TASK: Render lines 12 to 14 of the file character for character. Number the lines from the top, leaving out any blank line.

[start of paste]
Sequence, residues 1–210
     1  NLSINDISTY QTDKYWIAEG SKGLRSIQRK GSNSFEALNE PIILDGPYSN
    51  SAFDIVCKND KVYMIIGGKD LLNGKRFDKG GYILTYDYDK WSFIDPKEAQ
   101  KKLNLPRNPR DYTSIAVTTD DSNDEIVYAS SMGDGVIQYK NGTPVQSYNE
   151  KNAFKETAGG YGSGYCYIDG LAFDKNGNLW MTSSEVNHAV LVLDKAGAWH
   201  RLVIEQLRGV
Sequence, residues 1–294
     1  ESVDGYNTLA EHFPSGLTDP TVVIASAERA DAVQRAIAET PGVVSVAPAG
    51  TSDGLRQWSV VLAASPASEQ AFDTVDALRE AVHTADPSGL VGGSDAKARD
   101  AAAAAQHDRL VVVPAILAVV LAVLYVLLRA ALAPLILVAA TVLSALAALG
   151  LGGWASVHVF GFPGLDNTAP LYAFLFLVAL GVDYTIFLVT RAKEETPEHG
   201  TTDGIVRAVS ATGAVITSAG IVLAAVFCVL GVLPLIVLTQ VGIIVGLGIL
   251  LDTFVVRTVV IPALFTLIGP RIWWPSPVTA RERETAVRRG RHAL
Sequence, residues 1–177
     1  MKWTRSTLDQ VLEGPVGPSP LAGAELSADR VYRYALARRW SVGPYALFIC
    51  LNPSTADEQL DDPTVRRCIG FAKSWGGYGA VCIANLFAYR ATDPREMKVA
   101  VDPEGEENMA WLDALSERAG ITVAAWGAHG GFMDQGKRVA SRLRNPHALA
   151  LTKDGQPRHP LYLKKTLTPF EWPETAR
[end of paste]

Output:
   201  TTDGIVRAVS ATGAVITSAG IVLAAVFCVL GVLPLIVLTQ VGIIVGLGIL
   251  LDTFVVRTVV IPALFTLIGP RIWWPSPVTA RERETAVRRG RHAL
Sequence, residues 1–177